I’ve blogged about time-sponge tasks in the past: those tedious daily to-do list items that, were you to successfully delegate them to competent staff members, would put hours (and potentially days) of precious time back on your calendar every week. But in my travels as a leadership keynote speaker, I’ve noticed that many leaders struggle with the fine art of delegation—so I thought a deeper dive was in order.
For, if we’re honest with ourselves, it’s not always relinquishing control that’s at the heart of the issue. It’s something deeper: trust. Entrepreneurs, by nature, are a self-sufficient bunch; you’ve got where you are today by trusting your own instincts, not by following any existing business playbook.
But in order to take your career to the next level, you’re going to need to get out of the “administrative weeds” and into the “vision garden”—and the only way to do this is to start developing, empowering and trusting your employees. Here are what I call “The 5 Cs of Trust”: essential qualities you must begin cultivating NOW in order to efficiently share the wealth (of responsibility) across your enterprise.
1. Clarity. This is paramount. It’s nearly impossible for any staff member to meet their personal and professional goals if they’re not 100% clear what you want from them. As a leadership keynote speaker, I talk a lot about transparency in both communication and action, and it’s a critical piece of this particular puzzle. Take the time to set out expectations for each role in your company, and work with each staff member to establish short- and long-term goals, with clear milestones along the way.
2. Commitment. When I talk this issue through with managers I meet on the leadership keynote speaker circuit, the number-one reason people avoid delegation is time; they genuinely believe they’re too busy to train somebody to do what they can do in a fraction of the time.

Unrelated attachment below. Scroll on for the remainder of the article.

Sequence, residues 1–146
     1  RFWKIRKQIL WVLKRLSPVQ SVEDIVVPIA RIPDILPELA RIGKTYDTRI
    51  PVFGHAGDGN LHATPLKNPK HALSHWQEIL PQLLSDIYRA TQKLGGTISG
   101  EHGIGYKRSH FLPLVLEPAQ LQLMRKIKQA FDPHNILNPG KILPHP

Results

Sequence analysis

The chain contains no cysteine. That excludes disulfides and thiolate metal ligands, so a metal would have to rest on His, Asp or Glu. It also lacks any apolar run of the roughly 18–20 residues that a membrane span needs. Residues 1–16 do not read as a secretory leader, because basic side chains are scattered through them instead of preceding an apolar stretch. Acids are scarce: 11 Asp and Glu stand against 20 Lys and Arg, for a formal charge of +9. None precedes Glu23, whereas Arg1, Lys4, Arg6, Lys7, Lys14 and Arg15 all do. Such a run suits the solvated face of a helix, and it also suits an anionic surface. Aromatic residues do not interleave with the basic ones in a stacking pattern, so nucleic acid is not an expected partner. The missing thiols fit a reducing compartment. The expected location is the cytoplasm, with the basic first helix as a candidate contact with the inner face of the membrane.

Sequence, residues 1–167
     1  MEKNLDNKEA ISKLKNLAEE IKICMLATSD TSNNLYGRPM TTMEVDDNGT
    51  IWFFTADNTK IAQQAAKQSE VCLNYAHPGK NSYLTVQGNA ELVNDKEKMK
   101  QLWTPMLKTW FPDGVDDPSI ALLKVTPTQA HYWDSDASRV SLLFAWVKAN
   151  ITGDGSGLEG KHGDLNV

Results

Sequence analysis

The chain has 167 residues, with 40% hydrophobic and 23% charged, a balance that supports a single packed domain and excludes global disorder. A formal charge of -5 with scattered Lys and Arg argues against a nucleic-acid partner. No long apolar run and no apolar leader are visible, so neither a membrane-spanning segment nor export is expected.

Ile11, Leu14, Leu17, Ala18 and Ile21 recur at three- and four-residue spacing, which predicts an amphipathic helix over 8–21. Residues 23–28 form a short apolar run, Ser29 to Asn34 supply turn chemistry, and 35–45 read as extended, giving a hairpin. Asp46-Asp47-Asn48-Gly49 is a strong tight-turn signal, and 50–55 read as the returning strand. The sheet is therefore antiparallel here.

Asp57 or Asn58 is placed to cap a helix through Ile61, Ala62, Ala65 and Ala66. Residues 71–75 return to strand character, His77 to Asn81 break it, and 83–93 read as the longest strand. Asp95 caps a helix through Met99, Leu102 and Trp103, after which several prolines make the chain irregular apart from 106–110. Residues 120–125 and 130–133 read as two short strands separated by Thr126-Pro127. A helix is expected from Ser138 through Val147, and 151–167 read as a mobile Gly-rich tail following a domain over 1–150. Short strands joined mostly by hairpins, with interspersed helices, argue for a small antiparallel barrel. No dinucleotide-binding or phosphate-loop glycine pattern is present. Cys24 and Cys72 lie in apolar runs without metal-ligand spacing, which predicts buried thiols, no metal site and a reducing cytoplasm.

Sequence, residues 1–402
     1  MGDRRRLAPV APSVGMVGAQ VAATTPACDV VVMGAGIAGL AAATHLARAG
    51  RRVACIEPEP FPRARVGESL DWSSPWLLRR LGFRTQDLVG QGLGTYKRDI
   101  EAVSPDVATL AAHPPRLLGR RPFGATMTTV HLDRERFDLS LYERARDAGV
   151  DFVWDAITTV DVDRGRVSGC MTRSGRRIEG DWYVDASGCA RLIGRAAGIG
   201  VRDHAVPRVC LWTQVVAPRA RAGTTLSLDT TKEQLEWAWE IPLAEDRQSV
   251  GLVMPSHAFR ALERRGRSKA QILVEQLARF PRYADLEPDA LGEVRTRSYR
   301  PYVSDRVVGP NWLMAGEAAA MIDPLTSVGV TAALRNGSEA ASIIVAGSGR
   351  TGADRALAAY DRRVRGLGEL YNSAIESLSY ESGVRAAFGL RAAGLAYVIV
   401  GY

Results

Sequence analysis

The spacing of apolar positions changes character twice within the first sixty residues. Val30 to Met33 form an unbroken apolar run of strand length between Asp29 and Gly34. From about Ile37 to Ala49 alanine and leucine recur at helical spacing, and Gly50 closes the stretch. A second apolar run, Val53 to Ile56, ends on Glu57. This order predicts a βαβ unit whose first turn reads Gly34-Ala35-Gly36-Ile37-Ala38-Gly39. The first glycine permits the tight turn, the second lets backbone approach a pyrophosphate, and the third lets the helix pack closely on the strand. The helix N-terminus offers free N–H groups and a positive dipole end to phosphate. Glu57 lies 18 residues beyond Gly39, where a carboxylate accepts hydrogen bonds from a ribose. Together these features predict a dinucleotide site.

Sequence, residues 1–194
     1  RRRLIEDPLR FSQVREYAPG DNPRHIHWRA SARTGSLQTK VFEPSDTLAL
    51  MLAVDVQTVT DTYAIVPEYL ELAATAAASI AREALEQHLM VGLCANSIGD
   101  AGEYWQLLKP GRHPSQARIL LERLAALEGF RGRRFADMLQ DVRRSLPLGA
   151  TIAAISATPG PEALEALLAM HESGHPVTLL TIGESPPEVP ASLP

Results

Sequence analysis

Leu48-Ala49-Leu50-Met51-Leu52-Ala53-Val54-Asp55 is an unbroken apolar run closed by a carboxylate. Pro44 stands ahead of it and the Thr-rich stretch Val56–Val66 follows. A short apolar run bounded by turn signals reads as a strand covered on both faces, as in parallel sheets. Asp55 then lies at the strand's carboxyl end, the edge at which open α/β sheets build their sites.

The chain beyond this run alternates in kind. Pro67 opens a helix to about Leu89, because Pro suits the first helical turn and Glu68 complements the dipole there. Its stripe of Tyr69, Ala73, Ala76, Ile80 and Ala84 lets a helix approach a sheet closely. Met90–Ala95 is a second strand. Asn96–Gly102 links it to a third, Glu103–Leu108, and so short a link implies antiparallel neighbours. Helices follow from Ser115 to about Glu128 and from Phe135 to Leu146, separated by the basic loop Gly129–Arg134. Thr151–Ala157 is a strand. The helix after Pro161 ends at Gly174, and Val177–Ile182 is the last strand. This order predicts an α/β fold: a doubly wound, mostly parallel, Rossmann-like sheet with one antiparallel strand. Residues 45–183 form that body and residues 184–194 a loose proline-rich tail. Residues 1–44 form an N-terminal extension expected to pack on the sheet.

But this is the classic “give a man a fish vs. teach a man to fish” argument; you DO have the time, you just have to commit to spending it on teaching rather than doing. By mentoring an employee in a task that has always been your responsibility, you’re not only preparing to remove that task from your plate, you’re demonstrating to that person that you have confidence in their ability to rise to the occasion—and value them enough to invest the time to help them get there.
3. Creativity. Most entrepreneurs got where they are today by doing things their own particular way. So it’s only natural to become accustomed (and perhaps even a bit over-attached) to your proven approach, whether we’re talking about granular operational processes or big-picture thinking.
But it’s important to remember that your way isn’t the only way. The best way to keep your company infused with energy and innovation is to foster creativity in your employees. In an abundance environment, there’s no downside to fostering new approaches and creative solutions to all your business challenges. More often than not, you’ll find that the new way will teach everyone a better way.
4. Choice. It’s not just important that you delegate new duties to your employees; what you choose to entrust them with will have a direct impact on how successful each delegation will be. In order for your employees to grow individually and as a team, you’ll need to give them a diverse range of opportunities to prove themselves.
Assuming your expectations and their goals are crystal clear to both parties (see #1), be sure to empower each team member with new responsibilities that not only push them—but push them in the direction in which they want to go. As I frequently remind my leadership keynote speaker audience, growth doesn’t happen in the comfort zone.
5. Coach. Now that you’ve entrusted your team with new duties and responsibilities, you’ve reached the really hard part—getting out of their way. While the instinct might be to watch their every move and swoop in to help them avoid failure, I’d ask you to instead approach it the way a great sports coach would: work them hard, cheer them on, and pepper them with positive feedback along the way.
Letting your employees learn from their failures and go on to complete each task successfully will not only demonstrate your trust in them…it will help them build their own personal toolkit to take forward into the next endeavor. And as a leader, fostering your team’s independent innovation is job one.